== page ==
Rainer Mackensen (2005)
Régimes, Transitions, Microresearch: A Contribution to the Discussion on the "Second Demographic Transition"*
In: Zeitschrift für Bevölkerungswissenschaft, Vol. 30, 4/2005, p. 483-499, Wiesbaden: VS Verlag für Sozialwissenschaften, ISSN: 0340-2398
"The danger of separating demography from the social complex which it should take into account is apparent." Alfred Sauvy 1959
The Vienna Institute of Demography at the Austrian Academy of Sciences has published its Yearbook of Population Research 2004 (in English). In addition to a series of essays on topical empirical, methodical and theoretical questions which themselves are worthy of attention, the volume contains four essays which were presented and discussed at a session of the Working Group of the European Association for Population Studies (EAPS) on the Second Demographic Transition held in Warsaw in 2003. These essays mark a new stage in the debate on population theory which must be urgently recommended for consideration by demographers, and which should encourage further discussion among their circles. Above all, this requires fellow specialists to contribute new ideas in order to make it possible to develop the theoretical concepts which could lead the subject to a new level of scientific theory and logical reflection.
The essays appear under the joint title: Is the Second Demographic Transition a useful concept for demography? After an introduction written by the heads of the Working Group Francesco C. Billari and Aart C. Liefbroer, they originate from Dirk van de Kaa, David Coleman, Eva Bernhardt and Guiseppe A. Micheli. The debate may appear at first sight to be an academic one on a fashionable term. However, it represents the compact beginning of a debate which fundamentally concerns the thinking of population research and promises new suggestions.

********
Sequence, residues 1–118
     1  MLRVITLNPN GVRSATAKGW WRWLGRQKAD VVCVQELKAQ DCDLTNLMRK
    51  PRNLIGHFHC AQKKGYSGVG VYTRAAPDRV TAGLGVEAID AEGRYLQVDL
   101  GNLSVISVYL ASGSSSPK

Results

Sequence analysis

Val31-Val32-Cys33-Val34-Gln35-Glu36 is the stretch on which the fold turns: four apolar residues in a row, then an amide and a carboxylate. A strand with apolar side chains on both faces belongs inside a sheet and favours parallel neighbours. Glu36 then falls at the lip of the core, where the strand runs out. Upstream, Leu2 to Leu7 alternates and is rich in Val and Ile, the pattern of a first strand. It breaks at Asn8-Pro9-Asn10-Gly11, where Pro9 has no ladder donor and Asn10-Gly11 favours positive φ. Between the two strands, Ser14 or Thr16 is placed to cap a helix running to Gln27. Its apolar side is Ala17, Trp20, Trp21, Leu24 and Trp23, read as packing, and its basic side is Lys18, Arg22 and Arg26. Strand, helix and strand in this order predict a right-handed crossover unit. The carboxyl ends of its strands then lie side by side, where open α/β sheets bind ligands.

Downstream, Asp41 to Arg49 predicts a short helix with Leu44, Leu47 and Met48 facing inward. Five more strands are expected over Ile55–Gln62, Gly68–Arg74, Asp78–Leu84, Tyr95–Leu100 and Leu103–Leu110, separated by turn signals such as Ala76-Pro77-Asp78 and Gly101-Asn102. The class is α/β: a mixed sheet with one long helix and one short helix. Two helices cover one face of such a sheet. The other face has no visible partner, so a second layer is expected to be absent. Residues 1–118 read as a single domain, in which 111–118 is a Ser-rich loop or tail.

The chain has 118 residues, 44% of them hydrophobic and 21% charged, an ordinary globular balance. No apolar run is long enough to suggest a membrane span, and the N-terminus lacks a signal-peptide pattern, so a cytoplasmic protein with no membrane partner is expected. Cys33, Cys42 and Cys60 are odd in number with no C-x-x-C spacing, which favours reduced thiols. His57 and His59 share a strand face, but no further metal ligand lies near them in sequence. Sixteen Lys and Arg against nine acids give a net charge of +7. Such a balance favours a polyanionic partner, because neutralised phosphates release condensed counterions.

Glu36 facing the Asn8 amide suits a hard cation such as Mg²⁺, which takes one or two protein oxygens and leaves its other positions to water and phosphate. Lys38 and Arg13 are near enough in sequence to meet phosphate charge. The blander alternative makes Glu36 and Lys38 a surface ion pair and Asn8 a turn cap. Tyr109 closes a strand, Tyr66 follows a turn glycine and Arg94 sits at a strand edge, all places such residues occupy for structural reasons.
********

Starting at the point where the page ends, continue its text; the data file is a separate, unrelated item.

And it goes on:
The term "Second Demographic Transition" was introduced into the discussion by Dirk van de Kaa and Ron Lestaeghe back in 1986 in order to lend a conceptual framework to the interpretation of demographic trends in Europe since roughly 1970. It has been explained by both authors several times since then, hungrily taken up in the specialist debate and discussed, at times being a matter of some controversy. It was only this development that made it possible to bring the debate together as has happened in the new publication. Also, the restrained portrayal of the authors is the result of the years of discussion which have by now taken place, and helps to encourage further discussion of the ideas and reservations which have been presented.
* Original title: Régimes, Transitions, Microresearch: Ein Beitrag zur Diskussion des „Zweiten Demographischen Übergangs“ (full text in German only)